• The proposed new rule provides clarity, regulatory certainty and protects water resources, while respecting the federal-state balance that Congress struck in the Clean Water Act. It alleviates unpredictable and inconsistent case-by-case determinations of which waters fall under the agencies’ jurisdiction. It also brings an end to the decades-long trend of persistent federal government overreach that cannot be reconciled with either congressional intent or judicial precedent.
  • This proposed new “waters of the U.S.” definition is grounded in the Clean Water Act. It’s also consistent with Supreme Court precedent. And it helps correct past agency practice, guidance and interpretations that improperly expanded the scope of federal authority under the CWA.
  • The proposed rule eliminates much of the uncertainty, ambiguity and inconsistency that characterized previous definitions related to the scope of EPA and the Corps’ jurisdiction. The proposal also appropriately places the burden on the government, not landowners, to show jurisdiction in cases where historic evidence is needed.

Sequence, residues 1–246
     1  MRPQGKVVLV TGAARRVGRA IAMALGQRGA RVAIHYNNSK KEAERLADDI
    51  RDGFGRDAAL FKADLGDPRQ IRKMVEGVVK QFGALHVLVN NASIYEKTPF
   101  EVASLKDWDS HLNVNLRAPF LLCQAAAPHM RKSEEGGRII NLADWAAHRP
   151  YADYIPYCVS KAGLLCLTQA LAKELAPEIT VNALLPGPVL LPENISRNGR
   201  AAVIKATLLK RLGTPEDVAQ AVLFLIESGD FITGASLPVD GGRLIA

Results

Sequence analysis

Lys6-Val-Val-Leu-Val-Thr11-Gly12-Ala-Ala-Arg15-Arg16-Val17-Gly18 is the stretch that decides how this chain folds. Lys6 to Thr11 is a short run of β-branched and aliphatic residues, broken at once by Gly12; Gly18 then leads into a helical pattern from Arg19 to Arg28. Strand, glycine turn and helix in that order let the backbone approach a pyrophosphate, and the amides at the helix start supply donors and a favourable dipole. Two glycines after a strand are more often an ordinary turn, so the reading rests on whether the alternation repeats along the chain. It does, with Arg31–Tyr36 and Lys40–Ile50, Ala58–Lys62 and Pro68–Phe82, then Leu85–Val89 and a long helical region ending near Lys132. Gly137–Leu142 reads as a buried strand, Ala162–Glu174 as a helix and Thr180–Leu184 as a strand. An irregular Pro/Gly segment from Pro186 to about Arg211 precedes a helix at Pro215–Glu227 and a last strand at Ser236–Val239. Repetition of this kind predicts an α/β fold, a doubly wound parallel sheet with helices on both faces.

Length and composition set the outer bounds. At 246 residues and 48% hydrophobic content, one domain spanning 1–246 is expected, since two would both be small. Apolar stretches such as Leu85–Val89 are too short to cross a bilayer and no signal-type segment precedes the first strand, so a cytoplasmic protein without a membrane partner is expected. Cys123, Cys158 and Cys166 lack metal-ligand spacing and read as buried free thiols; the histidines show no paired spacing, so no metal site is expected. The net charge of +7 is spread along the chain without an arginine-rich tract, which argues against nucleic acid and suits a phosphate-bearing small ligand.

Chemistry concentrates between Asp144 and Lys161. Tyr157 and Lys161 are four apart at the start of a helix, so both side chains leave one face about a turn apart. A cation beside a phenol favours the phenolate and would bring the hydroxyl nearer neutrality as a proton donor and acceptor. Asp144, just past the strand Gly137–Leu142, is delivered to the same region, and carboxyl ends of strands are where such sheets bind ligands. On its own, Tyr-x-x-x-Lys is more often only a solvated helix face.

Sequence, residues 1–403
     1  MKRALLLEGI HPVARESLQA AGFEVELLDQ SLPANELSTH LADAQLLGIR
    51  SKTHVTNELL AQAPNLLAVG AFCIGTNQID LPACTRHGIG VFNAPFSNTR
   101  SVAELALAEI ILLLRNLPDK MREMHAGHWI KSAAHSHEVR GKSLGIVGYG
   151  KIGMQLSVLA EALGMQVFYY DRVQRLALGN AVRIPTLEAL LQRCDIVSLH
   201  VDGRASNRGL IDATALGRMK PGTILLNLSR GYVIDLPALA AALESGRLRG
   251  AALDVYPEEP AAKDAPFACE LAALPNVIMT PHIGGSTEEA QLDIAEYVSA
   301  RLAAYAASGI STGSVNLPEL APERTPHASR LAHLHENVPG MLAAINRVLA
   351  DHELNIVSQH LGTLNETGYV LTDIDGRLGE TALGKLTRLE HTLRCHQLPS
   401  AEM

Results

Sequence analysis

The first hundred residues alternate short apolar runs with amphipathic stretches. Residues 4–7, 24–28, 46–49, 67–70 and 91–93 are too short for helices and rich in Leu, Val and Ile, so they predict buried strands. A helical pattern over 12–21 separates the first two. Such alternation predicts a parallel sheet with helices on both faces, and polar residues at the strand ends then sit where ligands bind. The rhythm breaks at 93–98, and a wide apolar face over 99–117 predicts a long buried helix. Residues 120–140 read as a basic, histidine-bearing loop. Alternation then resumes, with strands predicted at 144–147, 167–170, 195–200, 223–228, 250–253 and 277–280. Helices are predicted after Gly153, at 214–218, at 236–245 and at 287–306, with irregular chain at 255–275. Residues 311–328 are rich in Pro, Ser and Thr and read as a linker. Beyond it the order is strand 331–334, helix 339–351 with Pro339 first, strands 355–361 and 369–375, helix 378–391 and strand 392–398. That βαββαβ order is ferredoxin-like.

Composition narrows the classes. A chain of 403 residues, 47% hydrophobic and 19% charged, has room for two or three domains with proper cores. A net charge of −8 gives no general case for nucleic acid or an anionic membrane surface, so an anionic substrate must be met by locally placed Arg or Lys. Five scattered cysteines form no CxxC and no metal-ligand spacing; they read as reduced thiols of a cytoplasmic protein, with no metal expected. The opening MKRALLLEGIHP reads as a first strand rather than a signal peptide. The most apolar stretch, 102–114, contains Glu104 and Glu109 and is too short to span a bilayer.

• The proposal appropriately defines tributaries to include only those streams that contribute perennial or intermittent (as opposed to occasional or ephemeral) flows to a traditional navigable water. The focus on the well-understood concepts of ephemeral, intermittent and perennial flow allows landowners and regulators to more readily identify tributaries subject to CWA jurisdiction.
  • Under the proposed rule, wetlands adjacent to other jurisdictional waters (traditional navigable waters, tributaries, ditches, lakes, ponds and impoundments) would fall under EPA jurisdiction. With this “adjacent wetlands” definition in place, agencies asserting jurisdiction over isolated, intrastate, non-navigable waters is no longer a possibility.
  • The proposal reaffirms the “prior converted cropland” exclusion, which grandfathered in many acres of cropland and exempted them from federal jurisdiction.